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Admiral David D. Porter, The Naval History of the Civil War. 4 0 Browse Search
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Browsing named entities in Admiral David D. Porter, The Naval History of the Civil War.. You can also browse the collection for C. S. McCarty or search for C. S. McCarty in all documents.

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Admiral David D. Porter, The Naval History of the Civil War., Chapter 33: (search)
igns, H. B. Baker and L. G. Emerson; Engineers: First-Assistant, G. S. Bright; Second-Assistant, H. W. Robie; Third-Assistants, W. A. Dripps and Joseph Hoops. Steam Sloop Canandaigua. Captain, Joseph F. Green; Lieutenant-Commander, J. J. Cornwell; Lieutenant, H. De H. Manley; Surgeon, James Suddards; Paymaster, C. H. Eldredge; Acting-Master, Samuel Hall; Ensign, Benjamin H. Porter; Acting-Ensign, John L. Gifford; Acting-Master's Mates, A. S. Eldridge, J. N. Pease, W. T. Vincent and C. S. McCarty; Engineers: Chief, Wm. S. Stamm; First-Assistant, H. C. Victor; Second-Assistant, G. W. Rogers ; Third-Assistants, Albert Jackson, Alfred Hedrick, Philip Miller and E. S. Phillippi; Boatswain, Thomas Smith; Gunner, John Gaskins; Carpenter, S. N. Whitehouse; Sailmaker, David Bruce. Iron-clad steamer Weehawken. Captain, John Rodgers; Lieutenant-Commander, L. H. Newman; Assistant Surgeon, E. M. Stein, Acting-Assistant Paymaster, J. H. Pynchon; Acting-Master, B. W. Loring; Acting-Ensig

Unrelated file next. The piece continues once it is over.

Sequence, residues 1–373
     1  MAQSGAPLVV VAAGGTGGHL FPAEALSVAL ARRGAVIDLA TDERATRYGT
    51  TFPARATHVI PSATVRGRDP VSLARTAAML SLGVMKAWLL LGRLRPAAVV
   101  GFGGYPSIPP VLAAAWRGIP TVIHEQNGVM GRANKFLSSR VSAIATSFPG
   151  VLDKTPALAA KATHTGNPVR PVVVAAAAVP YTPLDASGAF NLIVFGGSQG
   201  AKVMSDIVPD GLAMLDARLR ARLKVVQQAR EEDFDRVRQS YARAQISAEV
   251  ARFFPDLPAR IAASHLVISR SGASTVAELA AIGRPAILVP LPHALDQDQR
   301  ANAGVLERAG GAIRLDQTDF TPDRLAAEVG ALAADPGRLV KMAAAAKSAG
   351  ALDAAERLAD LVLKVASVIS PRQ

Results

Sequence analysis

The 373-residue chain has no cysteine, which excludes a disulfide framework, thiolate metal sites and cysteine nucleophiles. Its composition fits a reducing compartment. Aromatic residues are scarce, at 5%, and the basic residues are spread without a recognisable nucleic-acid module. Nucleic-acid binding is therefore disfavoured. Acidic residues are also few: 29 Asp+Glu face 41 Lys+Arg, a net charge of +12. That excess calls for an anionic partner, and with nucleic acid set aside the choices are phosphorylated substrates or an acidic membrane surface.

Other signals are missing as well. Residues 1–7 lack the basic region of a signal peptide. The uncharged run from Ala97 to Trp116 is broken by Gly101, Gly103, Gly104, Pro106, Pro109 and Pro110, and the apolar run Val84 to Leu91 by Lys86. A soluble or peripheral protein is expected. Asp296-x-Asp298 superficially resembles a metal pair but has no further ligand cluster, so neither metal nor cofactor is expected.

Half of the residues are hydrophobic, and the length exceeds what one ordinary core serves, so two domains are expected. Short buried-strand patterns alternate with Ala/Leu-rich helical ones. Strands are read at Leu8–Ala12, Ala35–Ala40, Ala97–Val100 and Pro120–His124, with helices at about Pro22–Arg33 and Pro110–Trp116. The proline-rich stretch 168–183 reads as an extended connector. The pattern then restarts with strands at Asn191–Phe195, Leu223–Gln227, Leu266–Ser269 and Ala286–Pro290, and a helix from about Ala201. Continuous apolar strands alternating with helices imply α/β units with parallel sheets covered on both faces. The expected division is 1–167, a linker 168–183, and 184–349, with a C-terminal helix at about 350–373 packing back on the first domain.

Admiral David D. Porter, The Naval History of the Civil War., Chapter 36: operations of the South Atlantic Squadron under Rear-Admiral Dahlgren, 1863.--operations in Charleston harbor, etc. (search)
e same result, with the addition of a longer list of casualties. A flag of truce notified Rear-Admiral Dahlgren on the following morning that there were one hundred and thirty prisoners in the enemy's hands, besides three of the killed. Among the prisoners were the following officers: Lieutenants S. W. Preston and E. T. Brower, Ensigns B. H. Porter and Charles H. Craven, Third-Assistant Engineer J. H. Harmany, Sail-maker D. C. Brayton, Acting-Master's Mates E. Butler, C. P. Hovey and C. S. McCarty. Captain McCawley, of the Marine Corps, reports that there were two lieutenants (C. H. Bradford and R. L. Meade). two sergeants, two corporals and twenty-six privates missing, and that great confusion existed at the landing. Thus ended, for the time, the offensive operations against Charleston, with the exception that the vessels of the fleet remained at their posts, ready for any service required of them, and in no way disabled from continuing the attacks in conjunction with the Army